Aortic valve disease does its damage slowly


SADDLE, April 20, 2019 (HealthDay News) – Aortic valve stenosis is a form of heart valve disease that can take many years to become a life-threatening problem, says a specialist.

It occurs when the narrowing of the aortic valve opening prevents blood from the left ventricle of the heart from flowing into the aorta. It may also affect the pressure in the left atrium, said Dr. Mark Kozak, a cardiologist at Penn State Health.

"Not everyone will be at the same pace, but the valve worsens," he said in a press release on the health care system. "The only thing you can do is report symptoms and stay in touch with a cardiologist."

Shortness of breath, chest pain and fainting are the main indications of the disease, but may not start immediately.

"All three of these symptoms should not be taken lightly," Kozak said. "People can do well over a long period of time, but once the symptoms develop, they tend to be very fast. Most people die within a few years if untreated and unmonitored."

The condition is more common among people 60 years of age or older.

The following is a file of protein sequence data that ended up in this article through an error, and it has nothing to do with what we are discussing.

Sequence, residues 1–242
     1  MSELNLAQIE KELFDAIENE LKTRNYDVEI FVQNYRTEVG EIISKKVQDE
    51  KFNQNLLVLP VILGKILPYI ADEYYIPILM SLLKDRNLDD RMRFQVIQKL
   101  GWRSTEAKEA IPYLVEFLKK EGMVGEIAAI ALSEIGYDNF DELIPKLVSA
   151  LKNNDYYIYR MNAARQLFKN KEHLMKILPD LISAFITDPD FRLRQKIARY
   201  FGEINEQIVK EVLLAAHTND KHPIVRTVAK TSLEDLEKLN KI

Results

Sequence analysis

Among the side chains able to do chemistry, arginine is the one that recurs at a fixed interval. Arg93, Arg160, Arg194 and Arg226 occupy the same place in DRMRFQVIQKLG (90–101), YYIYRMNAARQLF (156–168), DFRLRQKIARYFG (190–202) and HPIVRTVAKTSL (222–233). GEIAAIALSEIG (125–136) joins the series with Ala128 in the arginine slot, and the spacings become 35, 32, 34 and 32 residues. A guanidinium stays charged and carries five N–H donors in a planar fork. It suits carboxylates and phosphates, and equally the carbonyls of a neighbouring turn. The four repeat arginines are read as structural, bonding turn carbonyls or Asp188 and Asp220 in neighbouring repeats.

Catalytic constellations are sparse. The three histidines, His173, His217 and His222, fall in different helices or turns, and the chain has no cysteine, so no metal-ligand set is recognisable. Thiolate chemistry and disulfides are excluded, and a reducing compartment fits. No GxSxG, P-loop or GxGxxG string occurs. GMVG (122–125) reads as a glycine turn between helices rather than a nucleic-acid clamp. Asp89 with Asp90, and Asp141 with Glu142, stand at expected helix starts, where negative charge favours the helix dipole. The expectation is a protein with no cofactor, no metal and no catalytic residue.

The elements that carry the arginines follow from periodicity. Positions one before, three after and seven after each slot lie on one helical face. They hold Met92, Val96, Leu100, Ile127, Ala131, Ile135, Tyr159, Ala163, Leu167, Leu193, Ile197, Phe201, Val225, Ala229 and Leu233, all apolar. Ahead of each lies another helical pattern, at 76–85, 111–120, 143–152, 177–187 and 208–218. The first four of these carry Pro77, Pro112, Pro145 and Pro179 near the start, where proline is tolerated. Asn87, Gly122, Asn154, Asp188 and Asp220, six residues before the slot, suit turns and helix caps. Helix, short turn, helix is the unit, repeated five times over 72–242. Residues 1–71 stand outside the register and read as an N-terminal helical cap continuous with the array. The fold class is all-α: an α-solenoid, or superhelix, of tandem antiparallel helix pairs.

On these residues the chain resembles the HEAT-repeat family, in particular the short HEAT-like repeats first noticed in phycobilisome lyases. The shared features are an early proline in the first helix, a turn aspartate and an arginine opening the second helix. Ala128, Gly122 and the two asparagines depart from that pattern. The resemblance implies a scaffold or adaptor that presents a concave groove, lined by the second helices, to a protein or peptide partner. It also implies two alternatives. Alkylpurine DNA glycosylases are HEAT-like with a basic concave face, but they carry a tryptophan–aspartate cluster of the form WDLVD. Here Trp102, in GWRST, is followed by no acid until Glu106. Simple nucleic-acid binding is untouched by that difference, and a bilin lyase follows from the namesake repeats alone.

"As our population is aging, there is a mini-epidemic of stenosis in our generation of more than 80 years," Kozak said.

Valve replacement is the only effective method for the treatment of severe aortic valve stenosis. In recent years, physicians have used a less invasive valve replacement procedure using a catheter based technique called transcatheter aortic valve replacement (TAVR).

With this type of procedure, most patients go home the next day and recovery takes about 72 hours, according to Kozak.

He said people with aortic valve stenosis should exercise because it keeps them fit for surgeries and procedures they may require, as well as helping their doctors monitor the progression of their symptoms.

"People used to be afraid to exercise when they were diagnosed with aortic stenosis, but it's important how active you are and when the symptoms become noticeable," Kozak said.

"It is better for people to exercise and remain healthy than to restrict their physicality," he said. "As I monitor your progression, if I think a valve has reached a point of concern, it's time to replace it."

More information

The American Heart Association has more about aortic valve stenosis.

SOURCE: Penn State Health, press release, April 11, 2019

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